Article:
Tip 5:

Similar to when cooking in the kitchen, when you are taking a shower or having a bath ensure that you turn on your extractor fan to remove the steam and moisture that is created when running warm water in a cold environment. This will help reduce the amount of condensation that appears on your bathroom windows and walls.

Tip 6:

Portable gas bottles and paraffin heaters produce a lot of moisture, along with a lot of toxic fumes. Not only is this form of heat causing excess condensation in your property, it is also a health and safety hazard which is stated in most tenancy agreements as not allowed in rented flats.

Tip 7:

Many families have house pets and plants which produce a lot of moisture. Make sure you cover up your aquarium or fish tanks to prevent excess moisture. If damp patches start to appear on your walls or you start to notice more surface condensation on your windows and walls near to your house plants then look to move them outdoors.

Tip 8:

If you don’t have an extractor fan in your bathroom or kitchen then make sure that you wipe down any cold surfaces when you have been cooking or taking a shower to remove any moisture that may have settled on the surface. This excess moisture in the air sits on the surface and will quickly turn to mould if left untreated.

Tip 9:

Do not overfill your wardrobes or kitchen cupboards. A lack of ventilation and air moisture trapped in warm overfilled cupboards can become a breeding ground for mould as the air is not able to circulate freely inside. You might notice a musty smell or clothes might have a damp feeling to them which is a sure sign that the cupboard is overfilled.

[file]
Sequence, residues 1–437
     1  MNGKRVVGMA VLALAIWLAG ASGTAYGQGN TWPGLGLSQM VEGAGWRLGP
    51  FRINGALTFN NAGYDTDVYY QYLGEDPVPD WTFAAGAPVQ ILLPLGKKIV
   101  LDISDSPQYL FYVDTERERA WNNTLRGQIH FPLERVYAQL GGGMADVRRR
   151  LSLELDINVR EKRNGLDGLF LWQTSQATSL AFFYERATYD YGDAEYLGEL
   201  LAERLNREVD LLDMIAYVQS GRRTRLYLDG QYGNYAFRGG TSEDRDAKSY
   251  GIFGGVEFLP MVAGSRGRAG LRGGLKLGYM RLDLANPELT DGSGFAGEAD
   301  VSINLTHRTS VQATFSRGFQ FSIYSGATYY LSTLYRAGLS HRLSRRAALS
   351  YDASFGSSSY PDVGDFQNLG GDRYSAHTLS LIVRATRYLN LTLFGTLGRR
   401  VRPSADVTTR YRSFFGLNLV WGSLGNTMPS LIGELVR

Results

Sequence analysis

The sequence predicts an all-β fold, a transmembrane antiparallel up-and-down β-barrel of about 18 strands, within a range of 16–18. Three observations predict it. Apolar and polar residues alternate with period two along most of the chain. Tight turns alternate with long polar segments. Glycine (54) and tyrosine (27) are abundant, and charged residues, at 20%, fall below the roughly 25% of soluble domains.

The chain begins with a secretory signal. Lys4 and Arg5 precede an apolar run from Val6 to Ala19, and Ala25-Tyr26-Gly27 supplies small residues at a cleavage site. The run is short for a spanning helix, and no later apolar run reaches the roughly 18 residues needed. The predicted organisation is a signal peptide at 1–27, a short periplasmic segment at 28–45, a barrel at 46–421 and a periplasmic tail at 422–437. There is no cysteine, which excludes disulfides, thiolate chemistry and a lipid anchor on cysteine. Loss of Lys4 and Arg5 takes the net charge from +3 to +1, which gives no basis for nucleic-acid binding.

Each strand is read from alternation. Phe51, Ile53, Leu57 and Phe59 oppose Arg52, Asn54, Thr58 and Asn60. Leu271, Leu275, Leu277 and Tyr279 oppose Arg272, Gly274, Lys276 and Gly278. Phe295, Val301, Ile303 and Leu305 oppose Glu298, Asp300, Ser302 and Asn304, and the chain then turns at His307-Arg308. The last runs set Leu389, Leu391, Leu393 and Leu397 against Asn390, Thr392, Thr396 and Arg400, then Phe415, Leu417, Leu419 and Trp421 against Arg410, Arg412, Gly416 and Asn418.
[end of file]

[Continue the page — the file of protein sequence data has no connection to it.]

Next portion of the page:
Tip 10:

For the same reason as above, make sure that your furniture is at least 50mm away from the surrounding walls so that air can circulate around the property. Try to ensure that your wardrobes are placed against internal walls in your bedroom which will be less cold than external walls and less likely to cause damp and mould problems.

Tip 11:

Ensuring an adequate amount of heating in your property will improve the internal temperature of surfaces in the house and reduce the likelihood of condensation. Also, make sure your home is energy efficient by ensuring you have insulated walls and double glazed windows installed so the heat doesn't escape from the property.

Tip 12:

If you use a room on a regular basis, such as a living room and the weather is not cold outside, open a window slightly to improve the ventilation in the room. Breathing is a major cause of condensation so this will help to improve the ventilation in your property.

Tip 13:

Double glazing, loft insulation and draft proofing will help to reduce the amount of heat that is lost from a property. Installing insulation will help to keep the temperature of the surfaces inside your property at a higher level.

Tip 14:

Adequate ventilation is essential to allow the moisture to escape from a property before it turns into condensation. Installing an energy-efficient extractor fan in the kitchen and bathroom can improve the humidity levels and prevent condensation.

If you are not sure if the problem is condensation or whether it could be rising damp or due to a leak from the roof or guttering or from failed cavity wall insulation then get in touch to request a free home survey and our surveyor will visit your property at a time to suit you and check whether the problem in your home is due to condensation.

Something like our Drimaster PIV Unit could be exactly what you require.  https://www.carbon-catch.com/drimaster-positive-input-ventilation

If you require some help in eradicating damp problems and condensation in your home then contact Carbon Catch today and we can arrange for a free survey to see what can be done to help.